Justifiability to each person

Ratio 16 (4):368–390 (2003)
Abstract
sonable, in this sense, if we ignore, or give too little weight to, some other people's well-being or moral claims.' Some critics have suggested that, because Scanlon appeals to this sense of 'reasonable', his formula is empty. On this objection, whenever we believe that some act is wrong, we shall believe that people have moral claims not to be treated in this way. We could therefore argue that such acts are disallowed by some principle which no one could reasonably reject, since anyone who rejected this principle would be giving too little weight to people's moral claims not to be treated in this way. Since everyone could claim that the principles which they accept could not be reasonably rejected, Scanlon's Formula would make no difference to our moral thinking. That is not so. If we reject the principles that disallow certain acts, we are denying that such acts are wrong. This denial would be unreasonable if it would give too little weight to some other people's moral claims. So Scanlon's Formula implies that..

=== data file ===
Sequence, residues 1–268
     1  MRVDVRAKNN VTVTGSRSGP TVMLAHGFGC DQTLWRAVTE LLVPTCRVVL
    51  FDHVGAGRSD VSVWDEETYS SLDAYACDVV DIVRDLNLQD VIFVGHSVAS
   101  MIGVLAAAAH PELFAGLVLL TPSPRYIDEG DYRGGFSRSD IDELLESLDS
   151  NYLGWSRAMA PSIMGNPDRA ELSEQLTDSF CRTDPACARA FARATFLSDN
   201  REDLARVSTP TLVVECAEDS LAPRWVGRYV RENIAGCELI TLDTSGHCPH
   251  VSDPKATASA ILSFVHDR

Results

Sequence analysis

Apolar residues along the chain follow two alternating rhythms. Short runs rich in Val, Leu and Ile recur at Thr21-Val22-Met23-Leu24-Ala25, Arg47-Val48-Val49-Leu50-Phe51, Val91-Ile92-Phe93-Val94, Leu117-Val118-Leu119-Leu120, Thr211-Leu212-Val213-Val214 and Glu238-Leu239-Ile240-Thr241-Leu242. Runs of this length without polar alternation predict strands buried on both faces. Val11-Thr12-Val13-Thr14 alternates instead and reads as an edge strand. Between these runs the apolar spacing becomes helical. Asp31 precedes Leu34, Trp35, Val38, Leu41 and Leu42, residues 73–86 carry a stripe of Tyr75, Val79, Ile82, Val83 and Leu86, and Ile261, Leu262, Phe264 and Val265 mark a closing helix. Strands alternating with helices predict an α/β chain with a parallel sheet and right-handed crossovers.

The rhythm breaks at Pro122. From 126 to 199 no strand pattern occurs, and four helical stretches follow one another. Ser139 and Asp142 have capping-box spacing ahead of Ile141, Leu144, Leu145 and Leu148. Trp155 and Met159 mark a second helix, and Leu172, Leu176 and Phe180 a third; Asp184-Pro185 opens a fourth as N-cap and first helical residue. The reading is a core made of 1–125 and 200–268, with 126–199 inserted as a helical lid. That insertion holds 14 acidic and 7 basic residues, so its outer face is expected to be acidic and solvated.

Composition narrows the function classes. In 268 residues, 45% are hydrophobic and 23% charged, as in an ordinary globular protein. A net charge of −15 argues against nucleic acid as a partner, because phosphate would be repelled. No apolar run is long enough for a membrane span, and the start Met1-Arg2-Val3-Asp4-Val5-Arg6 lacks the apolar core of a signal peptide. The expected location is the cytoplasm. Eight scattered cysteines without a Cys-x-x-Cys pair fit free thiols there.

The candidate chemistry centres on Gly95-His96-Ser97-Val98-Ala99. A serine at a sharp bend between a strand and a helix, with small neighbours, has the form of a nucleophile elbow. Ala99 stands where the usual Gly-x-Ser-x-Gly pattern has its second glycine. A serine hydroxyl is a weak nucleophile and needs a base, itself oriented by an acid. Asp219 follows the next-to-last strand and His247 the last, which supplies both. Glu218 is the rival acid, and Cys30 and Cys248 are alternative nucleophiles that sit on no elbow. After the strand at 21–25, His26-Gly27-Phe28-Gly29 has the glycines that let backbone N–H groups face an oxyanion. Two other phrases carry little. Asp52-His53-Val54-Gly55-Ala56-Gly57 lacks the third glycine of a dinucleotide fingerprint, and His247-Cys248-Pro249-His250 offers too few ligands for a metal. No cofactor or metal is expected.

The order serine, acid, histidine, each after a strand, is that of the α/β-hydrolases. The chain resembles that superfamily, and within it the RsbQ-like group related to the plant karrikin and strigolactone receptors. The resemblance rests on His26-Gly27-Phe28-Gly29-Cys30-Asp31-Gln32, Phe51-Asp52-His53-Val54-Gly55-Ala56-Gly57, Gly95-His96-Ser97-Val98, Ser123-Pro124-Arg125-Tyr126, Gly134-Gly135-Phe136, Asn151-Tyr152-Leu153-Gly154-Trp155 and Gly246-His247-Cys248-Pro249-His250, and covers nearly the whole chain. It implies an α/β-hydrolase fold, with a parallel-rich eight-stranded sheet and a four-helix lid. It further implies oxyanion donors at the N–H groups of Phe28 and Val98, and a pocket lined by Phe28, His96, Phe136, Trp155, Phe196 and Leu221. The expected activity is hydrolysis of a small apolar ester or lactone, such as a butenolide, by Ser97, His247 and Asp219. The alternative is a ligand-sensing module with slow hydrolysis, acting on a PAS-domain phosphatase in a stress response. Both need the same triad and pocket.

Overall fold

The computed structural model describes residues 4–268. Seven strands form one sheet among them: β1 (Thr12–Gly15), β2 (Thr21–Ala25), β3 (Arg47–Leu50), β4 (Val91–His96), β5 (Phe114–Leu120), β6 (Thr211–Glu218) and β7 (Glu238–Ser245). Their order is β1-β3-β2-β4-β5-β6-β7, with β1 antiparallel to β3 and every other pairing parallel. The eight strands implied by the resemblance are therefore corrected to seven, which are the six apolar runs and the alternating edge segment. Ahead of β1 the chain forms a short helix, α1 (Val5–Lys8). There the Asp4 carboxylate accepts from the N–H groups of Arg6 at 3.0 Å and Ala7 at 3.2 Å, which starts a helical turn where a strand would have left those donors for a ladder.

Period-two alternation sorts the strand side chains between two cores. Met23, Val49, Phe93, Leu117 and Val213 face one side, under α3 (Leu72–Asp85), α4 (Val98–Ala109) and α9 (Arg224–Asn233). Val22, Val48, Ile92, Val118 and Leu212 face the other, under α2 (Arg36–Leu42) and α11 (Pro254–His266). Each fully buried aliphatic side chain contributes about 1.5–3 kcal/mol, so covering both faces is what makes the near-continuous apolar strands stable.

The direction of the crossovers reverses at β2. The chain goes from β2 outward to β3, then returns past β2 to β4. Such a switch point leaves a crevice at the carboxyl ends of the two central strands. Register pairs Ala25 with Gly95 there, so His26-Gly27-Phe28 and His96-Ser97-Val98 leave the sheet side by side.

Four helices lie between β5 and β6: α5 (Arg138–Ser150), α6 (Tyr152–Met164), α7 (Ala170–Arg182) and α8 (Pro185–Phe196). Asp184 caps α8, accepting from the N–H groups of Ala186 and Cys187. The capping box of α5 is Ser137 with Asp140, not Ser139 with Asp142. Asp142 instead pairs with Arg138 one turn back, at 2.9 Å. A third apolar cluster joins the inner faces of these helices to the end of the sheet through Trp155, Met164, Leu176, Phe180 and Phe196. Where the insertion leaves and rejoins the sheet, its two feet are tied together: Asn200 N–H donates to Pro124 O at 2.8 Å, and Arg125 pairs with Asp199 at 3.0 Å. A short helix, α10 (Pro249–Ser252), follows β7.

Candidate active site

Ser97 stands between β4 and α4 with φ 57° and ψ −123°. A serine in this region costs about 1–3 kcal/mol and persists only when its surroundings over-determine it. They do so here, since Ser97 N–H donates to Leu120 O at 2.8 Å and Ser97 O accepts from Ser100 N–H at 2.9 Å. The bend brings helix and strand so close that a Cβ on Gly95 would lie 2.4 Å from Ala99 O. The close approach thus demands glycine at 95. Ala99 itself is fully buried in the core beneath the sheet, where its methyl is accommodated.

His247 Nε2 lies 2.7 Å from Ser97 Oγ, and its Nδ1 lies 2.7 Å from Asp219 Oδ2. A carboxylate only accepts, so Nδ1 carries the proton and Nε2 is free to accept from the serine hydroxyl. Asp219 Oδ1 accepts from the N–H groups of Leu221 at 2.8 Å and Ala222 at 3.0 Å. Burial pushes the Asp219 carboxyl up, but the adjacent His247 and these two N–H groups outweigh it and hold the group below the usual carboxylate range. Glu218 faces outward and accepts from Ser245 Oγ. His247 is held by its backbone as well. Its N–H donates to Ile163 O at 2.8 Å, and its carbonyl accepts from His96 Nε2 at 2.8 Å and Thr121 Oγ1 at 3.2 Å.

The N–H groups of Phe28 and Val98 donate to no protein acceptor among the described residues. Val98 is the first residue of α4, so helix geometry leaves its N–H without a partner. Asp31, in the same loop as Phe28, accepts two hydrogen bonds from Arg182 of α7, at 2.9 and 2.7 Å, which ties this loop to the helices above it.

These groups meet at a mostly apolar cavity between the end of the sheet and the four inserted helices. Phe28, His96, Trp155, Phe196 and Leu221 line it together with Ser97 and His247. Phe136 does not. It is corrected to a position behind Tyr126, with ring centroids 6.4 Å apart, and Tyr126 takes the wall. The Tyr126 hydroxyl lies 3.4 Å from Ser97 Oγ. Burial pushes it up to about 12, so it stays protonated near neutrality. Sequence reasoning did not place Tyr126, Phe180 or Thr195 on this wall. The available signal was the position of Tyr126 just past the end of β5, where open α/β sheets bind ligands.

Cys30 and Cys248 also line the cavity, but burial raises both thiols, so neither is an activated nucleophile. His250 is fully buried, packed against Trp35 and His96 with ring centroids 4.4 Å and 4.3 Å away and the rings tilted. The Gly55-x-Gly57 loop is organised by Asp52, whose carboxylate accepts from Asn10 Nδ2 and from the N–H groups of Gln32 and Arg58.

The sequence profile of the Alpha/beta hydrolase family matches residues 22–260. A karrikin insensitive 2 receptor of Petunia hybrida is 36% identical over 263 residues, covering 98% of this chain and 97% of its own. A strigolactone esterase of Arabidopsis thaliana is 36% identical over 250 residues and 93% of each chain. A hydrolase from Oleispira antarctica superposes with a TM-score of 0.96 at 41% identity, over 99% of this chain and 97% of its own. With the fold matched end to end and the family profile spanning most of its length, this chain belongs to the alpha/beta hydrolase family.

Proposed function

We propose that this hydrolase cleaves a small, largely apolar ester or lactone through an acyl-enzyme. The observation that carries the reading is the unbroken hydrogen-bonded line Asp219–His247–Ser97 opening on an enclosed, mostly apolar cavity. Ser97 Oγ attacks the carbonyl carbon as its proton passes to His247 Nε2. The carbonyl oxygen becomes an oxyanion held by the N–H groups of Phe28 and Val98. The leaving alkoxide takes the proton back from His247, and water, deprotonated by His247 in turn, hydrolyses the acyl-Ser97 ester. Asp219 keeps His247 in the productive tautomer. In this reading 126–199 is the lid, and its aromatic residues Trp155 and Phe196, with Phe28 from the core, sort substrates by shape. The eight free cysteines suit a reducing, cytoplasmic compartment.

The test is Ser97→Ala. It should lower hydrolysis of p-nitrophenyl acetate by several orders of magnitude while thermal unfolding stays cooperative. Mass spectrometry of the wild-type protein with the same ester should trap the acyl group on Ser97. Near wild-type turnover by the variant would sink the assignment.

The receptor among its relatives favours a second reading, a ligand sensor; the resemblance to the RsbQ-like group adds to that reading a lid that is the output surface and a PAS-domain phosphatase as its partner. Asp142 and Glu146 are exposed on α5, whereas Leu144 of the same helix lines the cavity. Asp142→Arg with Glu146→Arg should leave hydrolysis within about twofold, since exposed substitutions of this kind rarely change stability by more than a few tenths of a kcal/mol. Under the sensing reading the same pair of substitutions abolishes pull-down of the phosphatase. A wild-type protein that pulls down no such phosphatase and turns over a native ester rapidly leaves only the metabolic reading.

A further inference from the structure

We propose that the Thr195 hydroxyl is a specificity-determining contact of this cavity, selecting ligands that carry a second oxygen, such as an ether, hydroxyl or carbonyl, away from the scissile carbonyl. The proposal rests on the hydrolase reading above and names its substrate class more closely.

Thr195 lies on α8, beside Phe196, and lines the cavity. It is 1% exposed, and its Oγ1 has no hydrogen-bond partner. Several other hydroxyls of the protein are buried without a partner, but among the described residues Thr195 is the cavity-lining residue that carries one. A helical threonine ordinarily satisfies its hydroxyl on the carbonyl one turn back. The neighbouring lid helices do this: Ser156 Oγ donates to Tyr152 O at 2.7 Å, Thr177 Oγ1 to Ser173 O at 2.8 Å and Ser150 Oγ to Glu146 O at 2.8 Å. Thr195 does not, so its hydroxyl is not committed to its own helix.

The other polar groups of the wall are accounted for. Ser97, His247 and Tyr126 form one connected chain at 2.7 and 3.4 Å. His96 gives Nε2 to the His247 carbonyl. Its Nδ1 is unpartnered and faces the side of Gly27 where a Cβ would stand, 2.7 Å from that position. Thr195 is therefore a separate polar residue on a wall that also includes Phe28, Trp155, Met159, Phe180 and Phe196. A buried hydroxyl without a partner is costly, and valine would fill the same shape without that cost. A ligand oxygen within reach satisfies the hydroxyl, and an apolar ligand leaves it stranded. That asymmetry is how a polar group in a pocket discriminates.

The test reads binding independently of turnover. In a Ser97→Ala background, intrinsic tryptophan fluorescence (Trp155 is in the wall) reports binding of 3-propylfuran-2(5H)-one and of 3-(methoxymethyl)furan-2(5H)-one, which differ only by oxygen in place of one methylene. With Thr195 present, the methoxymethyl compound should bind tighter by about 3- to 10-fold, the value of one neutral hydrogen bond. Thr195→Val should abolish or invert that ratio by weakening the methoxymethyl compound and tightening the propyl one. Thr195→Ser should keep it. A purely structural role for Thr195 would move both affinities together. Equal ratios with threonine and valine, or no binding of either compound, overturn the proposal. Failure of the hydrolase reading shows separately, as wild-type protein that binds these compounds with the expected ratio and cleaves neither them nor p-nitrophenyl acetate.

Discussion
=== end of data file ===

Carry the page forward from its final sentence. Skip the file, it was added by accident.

Keywords No keywords specified (fix it)
Categories (categorize this paper)
Options
 Save to my reading list
Follow the author(s)
My bibliography
Export citation
Find it on Scholar
Edit this record
Mark as duplicate
Revision history Request removal from index
 
Download options
PhilPapers Archive


Upload a copy of this paper     Check publisher's policy on self-archival     Papers currently archived: 9,357
External links
  •   Try with proxy.
  • Through your library Configure
    References found in this work BETA
    Thomas Scanlon (1998). What We Owe to Each Other. Belknap Press of Harvard University Press.
    Citations of this work BETA
    Nicholas Southwood (2009). Moral Contractualism. Philosophy Compass 4 (6):926-937.
    Thomas H. Smith (2009). Non-Distributive Blameworthiness. Proceedings of the Aristotelian Society 109 (1pt1):31-60.

    View all 6 citations

    Similar books and articles
    Analytics

    Monthly downloads

    Added to index

    2009-01-28

    Total downloads

    95 ( #9,878 of 1,088,785 )

    Recent downloads (6 months)

    1 ( #69,666 of 1,088,785 )

    How can I increase my downloads?

    My notes
    Sign in to use this feature


    Discussion
    Start a new thread
    Order:
    There  are no threads in this forum
    Nothing in this forum yet.